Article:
The Great Fire of London Monument: A Testament to London’s Resilience
London is a city that cherishes its past, and this is evident in the countless historical landmarks scattered across its vibrant landscape. Among them, the Monument to the Great Fire of London, located on Fish Street Hill, stands out not only for its stature but also for its historical significance. This article invites you on a journey to explore this towering stone testament to one of the city’s defining moments.
Rising from the Ashes: The Story of The Great Fire
In 1666, the Great Fire of London ravaged the city, leaving four-fifths of it in ruins. The fire’s devastating path stretched from the iconic Tower in the East to Fleet Street and Fetter Lane in the West. It consumed approximately 13,200 houses, 84 churches, and 44 company halls, effectively reshaping the city’s map. Yet, in the ashes of devastation, the resilient spirit of Londoners began to stir, leading to a rebuilding effort as monumental as the disaster itself.
The Monument: A Memorial to Resilience
Erected on Fish Street Hill, the Monument to the Great Fire of London is more than a commemoration of the disaster. It is also a tribute to the determination and ingenuity of those who rebuilt the city. Standing at a majestic height, this monument is the tallest isolated stone column in the world, reflecting the monumental task of rebuilding London.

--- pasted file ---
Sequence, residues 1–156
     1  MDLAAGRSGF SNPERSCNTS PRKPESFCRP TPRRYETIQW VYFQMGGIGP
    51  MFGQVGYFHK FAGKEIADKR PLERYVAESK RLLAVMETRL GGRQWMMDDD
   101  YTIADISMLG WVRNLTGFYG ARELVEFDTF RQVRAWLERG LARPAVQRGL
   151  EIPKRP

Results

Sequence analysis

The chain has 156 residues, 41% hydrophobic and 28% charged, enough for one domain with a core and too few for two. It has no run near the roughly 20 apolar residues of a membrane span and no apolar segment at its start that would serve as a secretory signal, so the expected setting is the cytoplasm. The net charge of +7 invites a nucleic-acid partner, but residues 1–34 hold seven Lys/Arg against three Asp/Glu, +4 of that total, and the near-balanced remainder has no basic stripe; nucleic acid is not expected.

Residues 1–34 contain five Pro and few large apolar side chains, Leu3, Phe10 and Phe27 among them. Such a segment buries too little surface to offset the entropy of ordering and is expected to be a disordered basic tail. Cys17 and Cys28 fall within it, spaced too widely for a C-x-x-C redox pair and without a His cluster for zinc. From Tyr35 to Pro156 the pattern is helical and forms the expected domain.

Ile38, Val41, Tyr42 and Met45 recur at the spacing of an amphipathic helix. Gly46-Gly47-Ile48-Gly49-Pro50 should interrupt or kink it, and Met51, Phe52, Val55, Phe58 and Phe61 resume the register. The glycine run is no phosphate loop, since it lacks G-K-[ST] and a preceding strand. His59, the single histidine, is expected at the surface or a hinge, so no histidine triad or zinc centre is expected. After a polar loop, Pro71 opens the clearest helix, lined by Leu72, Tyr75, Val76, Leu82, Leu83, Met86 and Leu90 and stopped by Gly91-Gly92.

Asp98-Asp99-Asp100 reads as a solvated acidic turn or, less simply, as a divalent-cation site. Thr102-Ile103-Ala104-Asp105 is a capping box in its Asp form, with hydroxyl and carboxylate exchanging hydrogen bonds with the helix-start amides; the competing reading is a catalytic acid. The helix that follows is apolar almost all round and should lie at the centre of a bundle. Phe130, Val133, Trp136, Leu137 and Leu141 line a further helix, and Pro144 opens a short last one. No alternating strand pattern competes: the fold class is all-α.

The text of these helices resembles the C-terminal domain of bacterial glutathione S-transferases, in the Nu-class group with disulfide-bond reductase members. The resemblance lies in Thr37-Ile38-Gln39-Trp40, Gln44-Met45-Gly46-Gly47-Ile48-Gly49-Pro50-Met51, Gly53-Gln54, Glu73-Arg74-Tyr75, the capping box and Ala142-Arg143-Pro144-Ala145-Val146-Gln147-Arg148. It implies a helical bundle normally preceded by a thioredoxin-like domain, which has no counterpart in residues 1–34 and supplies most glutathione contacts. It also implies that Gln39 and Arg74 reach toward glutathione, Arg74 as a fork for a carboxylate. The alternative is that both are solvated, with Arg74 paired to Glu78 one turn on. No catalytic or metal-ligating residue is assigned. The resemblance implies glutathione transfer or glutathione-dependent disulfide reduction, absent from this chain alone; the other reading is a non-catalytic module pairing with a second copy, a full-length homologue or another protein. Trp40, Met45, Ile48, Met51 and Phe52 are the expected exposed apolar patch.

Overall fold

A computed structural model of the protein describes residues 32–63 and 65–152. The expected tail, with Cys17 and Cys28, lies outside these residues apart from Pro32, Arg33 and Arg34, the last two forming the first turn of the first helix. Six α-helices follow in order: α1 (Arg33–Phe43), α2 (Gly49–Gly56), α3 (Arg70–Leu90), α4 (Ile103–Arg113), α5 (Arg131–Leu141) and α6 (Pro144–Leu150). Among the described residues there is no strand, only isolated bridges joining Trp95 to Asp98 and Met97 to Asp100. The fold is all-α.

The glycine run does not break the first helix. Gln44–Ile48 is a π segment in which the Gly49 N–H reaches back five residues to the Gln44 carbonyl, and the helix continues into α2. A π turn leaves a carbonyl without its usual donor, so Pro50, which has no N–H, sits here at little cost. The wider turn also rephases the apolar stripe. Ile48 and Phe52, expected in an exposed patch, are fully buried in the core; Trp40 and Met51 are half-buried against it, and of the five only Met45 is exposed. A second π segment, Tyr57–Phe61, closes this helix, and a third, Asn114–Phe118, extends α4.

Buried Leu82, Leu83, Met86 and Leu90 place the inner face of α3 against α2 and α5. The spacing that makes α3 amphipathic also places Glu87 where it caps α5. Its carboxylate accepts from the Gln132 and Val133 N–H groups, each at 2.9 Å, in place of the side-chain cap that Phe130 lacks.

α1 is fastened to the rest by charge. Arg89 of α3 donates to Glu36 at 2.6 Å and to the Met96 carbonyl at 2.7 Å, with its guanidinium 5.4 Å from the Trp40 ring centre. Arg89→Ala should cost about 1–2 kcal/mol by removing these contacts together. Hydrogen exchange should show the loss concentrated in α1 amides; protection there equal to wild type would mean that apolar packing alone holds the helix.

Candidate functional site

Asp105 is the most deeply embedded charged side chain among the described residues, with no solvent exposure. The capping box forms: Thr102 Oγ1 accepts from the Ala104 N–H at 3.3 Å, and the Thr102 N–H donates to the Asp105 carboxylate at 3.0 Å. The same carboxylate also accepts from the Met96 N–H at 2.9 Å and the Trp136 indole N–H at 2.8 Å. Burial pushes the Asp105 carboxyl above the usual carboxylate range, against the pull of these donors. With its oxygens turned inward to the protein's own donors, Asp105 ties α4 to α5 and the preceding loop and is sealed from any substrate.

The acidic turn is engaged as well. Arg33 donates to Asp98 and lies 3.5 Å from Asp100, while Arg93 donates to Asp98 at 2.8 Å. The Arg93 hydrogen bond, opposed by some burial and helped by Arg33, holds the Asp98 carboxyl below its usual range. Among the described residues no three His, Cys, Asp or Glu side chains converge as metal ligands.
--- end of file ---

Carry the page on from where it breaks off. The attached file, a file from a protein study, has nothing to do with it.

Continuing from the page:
Building such an
imposing monument was no small feat. It took six years to construct, from 1671 to 1677, due to the difficulty of sourcing a sufficient quantity of Portland stone. The stone had to meet specific dimensions to suit the ambitious design of the Monument, causing the King to issue a proclamation in 1669. This proclamation forbade the transport of stone from the Isle of Portland without the explicit permission of the Monument’s architect, Sir Christopher Wren.
Located just North of London Bridge, the Monument is now one of London’s most recognized landmarks. A tube station carries its name, and it draws a considerable number of visitors, often seen lining up to ascend to its top for a panoramic view of the city. Despite this, the Monument remains somewhat underappreciated, with many visitors unaware of its rich and intriguing history.
Uncovering the Secrets of the Monument
There is so much more to the Monument than meets the eye. Its 311-step spiral staircase leads visitors to a viewing platform offering breathtaking views of the city. However, the Monument’s true fascination lies in its historical context. From the design challenges faced by Wren to the tales of resilience, it symbolises, the Monument’s story adds another layer of depth to its towering stature.
To learn more about the Monument to the Great Fire of London, delve into its past, and uncover the tales that it holds, check out our London History Podcast. It’s time to explore London’s rich history beyond the guidebooks and come face-to-face with the resilience and determination encapsulated in this monumental stone column.